In recent times, perhaps due to the rendezvous between the political forces and the nation’s courts, my people have run out of reasons to believe in Pakistan. But may I remind you, we are the nation with the 7th largest pool of scientists and engineers. We built an armed force to be reckoned with – the seventh largest in the world. The world criticized our nuclear mission but our intentions were peaceful and our mindset determined. Stability of power in the region of South Asia was a dire need of the time and so we developed our nuclear capabilities. A third world country going nuclear was an idea many ridiculed. But then we had leaders like Bhutto, declaring in no unclear terms that we will do it ‘even if we had to eat grass’. And grass we ate. There will always be those who continue to see our arsenal as a threat to world peace, but may I remind you, not a single major war has been fought in the region classified as South Asia since its development.
We are a blessed nation and we have to realize it. How many countries can boast of all four seasons? How many can claim to have the world’s largest irrigation system? How many can take pride in manufacturing almost 50% of the world’s footballs (including the balls being used in the Olympics)? Hell, how many countries are known as the roof of the world and have 4 of the 14 highest peaks such as K2 (the second-highest in the world) and Nanga Parbat? Hey, we have the eight wonder of the world people – The Karakoram Highway. A road on the roof of the world, as I see it.
Count your blessings, and have faith. Times like these bring out the best in us. Independence day is upon us and if we are the true sons of this soil, it is time to make a vow. A vow to make a change. A vow to BE that change. A trend has been witnessed in recent times of people blatantly criticizing the government, the establishment but that is not the solution. Ridiculing the system is never the solution. The very beauty of democracy is that we chose who leads us and if we stay at home rather than go out and assert our right to elect our leaders then aren’t we the ones to blame? And never think that we cannot make a difference. Never do that. Can’t we atleast contribute towards keeping our country clean? Or green? Remember that, next time you visit Murree or Naran. The beauty of Saif-ul-Maluk, Lake Dudipatsar and Lalazar, considered by many to be among the most beautiful places on earth, is waning not due to a ‘foreign hand’ but due to our negligence. And our carelessness. Contribute towards the society. It is better to give 100 rupees to the Edhi Foundation, working round the clock for the welfare of this nation, than to simply ‘like’ their page on facebook. Understand the difference. Don’t give up on this nation, please. Our home may be on seemingly uncontrollable fire, but it does not mean a pail of water in our hands won’t help in extinguishing it. Its high time we realize it.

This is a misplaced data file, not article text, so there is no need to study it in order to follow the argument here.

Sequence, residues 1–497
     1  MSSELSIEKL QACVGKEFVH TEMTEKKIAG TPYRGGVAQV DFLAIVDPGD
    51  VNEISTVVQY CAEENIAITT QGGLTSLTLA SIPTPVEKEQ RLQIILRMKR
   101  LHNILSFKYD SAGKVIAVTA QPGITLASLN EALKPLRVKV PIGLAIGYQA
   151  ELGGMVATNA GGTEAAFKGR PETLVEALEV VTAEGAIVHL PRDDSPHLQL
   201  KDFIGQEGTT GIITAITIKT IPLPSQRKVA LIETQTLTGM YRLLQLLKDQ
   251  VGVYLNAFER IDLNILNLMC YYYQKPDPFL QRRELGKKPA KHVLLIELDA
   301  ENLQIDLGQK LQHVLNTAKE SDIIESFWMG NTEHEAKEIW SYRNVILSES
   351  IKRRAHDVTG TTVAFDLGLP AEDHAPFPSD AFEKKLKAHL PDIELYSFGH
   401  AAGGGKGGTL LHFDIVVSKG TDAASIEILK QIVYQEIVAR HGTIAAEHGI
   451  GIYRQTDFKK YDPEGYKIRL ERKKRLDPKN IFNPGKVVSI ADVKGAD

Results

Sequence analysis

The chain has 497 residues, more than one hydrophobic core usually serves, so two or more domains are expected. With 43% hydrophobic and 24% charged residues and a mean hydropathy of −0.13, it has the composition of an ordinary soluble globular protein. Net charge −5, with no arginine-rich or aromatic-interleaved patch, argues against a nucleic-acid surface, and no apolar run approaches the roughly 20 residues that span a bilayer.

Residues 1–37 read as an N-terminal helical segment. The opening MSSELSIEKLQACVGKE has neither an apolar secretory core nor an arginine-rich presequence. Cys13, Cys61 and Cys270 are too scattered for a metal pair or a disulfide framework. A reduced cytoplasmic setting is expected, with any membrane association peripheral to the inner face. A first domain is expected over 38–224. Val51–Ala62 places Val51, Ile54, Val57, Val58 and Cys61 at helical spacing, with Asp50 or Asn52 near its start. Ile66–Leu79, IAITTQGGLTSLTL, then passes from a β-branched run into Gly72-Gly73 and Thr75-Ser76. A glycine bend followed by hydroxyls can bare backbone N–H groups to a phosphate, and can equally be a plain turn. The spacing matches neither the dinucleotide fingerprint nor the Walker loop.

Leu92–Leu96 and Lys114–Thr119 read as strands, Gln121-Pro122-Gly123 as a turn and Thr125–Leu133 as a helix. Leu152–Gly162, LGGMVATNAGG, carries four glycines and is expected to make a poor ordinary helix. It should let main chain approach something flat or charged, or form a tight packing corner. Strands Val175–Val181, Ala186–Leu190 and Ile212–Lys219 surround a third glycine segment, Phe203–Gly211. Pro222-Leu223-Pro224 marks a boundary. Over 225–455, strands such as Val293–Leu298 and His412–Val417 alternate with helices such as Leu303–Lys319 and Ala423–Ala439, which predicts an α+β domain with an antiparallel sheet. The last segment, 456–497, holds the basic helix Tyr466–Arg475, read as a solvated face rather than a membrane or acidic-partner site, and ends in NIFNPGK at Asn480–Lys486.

This post is written by Bilal Khan who is a Pakistani studying in Hong Kong (UWC LPC). Interests include debating, playing the guitar and MUNing.